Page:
Son of Buddha wrote:Buddha nature is simply the term that is used to discribe Enlightenment that is still under the cover of GREG(YOU) and TIM (ME)"i'/5 aggregates)when the "i' ends the pure mind/ENlightenement will be the only thing left.
So what you are saying is that enlightenment is the characteristic by which "Self" is defined? I am "Self" because I am enlightened?
Astus wrote:I don't think there is any need for special tricks. The dialectical teachings of abhidharma, madhyamaka and yogacara should suffice perfectly.
Direct introduction is not a trick, it is a technique, like the dialectical teachings of... are a technique. Like sadhana is a technique. Like ad nauseum...
:namaste:
"When one is not in accord with the true view
Meditation and conduct become delusion,
One will not attain the real result
One will be like a blind man who has no eyes."
Naropa - Summary of the View from The Eight Doha Treasures
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Re: Eckhart Tolle on christmas

Postby Son of Buddha » Sat Jan 05, 2013 12:17 am

gregkavarnos wrote:
Astus wrote:Then give the definition of what buddha-nature is and not what it is not.
I originally asked this question on page 4, anjali asked it on page 8 and now you are asking it on page 12. And you know what? Still no answer!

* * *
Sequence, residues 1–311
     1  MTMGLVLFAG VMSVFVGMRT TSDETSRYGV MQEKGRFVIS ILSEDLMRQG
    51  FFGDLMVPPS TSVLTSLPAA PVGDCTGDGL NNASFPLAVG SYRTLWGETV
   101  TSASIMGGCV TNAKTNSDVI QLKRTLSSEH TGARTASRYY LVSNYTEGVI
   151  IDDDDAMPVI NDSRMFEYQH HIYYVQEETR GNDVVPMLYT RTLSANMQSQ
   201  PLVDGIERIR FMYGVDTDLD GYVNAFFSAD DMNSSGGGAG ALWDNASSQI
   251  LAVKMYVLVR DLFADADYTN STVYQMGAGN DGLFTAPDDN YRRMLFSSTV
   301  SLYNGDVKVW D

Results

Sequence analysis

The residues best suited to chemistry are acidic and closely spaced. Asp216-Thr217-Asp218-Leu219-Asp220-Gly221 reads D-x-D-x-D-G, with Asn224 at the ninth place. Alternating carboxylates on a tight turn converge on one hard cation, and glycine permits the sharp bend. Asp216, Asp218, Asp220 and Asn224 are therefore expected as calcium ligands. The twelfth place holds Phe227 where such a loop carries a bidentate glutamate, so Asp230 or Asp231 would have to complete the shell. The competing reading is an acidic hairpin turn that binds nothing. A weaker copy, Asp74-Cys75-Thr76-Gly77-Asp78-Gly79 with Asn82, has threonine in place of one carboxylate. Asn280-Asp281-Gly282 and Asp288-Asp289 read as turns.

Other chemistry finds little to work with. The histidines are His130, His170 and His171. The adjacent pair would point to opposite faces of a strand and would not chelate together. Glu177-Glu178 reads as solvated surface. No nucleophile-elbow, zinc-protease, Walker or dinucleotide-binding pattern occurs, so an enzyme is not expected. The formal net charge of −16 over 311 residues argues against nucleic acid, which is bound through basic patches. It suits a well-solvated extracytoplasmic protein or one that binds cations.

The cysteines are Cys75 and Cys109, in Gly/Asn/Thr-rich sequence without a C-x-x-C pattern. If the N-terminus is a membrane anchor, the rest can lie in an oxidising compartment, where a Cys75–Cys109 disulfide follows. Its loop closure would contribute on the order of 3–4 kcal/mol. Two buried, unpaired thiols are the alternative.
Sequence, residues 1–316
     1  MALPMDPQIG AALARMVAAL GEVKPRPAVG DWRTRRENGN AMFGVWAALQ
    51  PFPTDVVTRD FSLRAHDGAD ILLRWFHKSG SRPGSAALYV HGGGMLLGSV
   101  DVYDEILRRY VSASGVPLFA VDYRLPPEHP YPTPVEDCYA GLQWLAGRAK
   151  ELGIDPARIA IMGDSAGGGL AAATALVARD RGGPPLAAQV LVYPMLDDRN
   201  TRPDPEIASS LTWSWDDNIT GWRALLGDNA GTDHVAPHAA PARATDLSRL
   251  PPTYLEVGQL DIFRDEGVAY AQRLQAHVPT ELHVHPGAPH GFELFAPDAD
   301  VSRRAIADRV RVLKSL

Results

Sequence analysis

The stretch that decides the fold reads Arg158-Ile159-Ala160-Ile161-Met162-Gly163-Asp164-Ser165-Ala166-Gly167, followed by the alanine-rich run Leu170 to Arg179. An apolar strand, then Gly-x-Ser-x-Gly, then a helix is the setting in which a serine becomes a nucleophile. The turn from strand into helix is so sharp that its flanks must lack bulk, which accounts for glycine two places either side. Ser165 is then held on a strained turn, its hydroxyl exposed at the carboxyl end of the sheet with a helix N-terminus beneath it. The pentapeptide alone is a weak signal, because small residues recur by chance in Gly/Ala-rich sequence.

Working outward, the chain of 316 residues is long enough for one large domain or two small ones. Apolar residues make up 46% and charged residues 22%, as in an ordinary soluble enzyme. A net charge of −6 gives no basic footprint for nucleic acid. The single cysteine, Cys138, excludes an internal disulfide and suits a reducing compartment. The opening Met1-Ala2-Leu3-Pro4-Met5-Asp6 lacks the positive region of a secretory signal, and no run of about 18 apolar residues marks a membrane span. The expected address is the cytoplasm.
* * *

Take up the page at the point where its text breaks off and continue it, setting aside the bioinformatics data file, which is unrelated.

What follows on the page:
This is the enormous hole that exists in this theory: The incapacity to answer how something that is completely and utterly devoid of any duality could be defined as, or used to identify as, a "self" or "Self".

Luckily in the Mahamudra tradition we have direct introduction (I do believe something of the sort exists in some Zen schools too?), if the student has the karma vipakka to successfully receive the introduction, this whole discussion disappears up its own...
:namaste:



Nirvana sutra
states "WITH REGARD TO SELF:,it is the phennomenon that is true,real,permenant,abiding,sovereign,immutable,and unchangeable is called the "self"like a doctor skilled in medicinal milk.

the Self is simply the Buddha or every positive attribute that can be listed to that of which is a Buddha.
but either way look up SENIKA in the Nirvana sutra this will show you what i mean(hopefully)
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Re: Mind versus Self?

Postby Sherab Dorje » Sat Jan 05, 2013 12:20 am

So this "Self" is Buddhahood?
"When one is not in accord with the true view
Meditation and conduct become delusion,
One will not attain the real result
One will be like a blind man who has no eyes."
Naropa - Summary of the View from The Eight Doha Treasures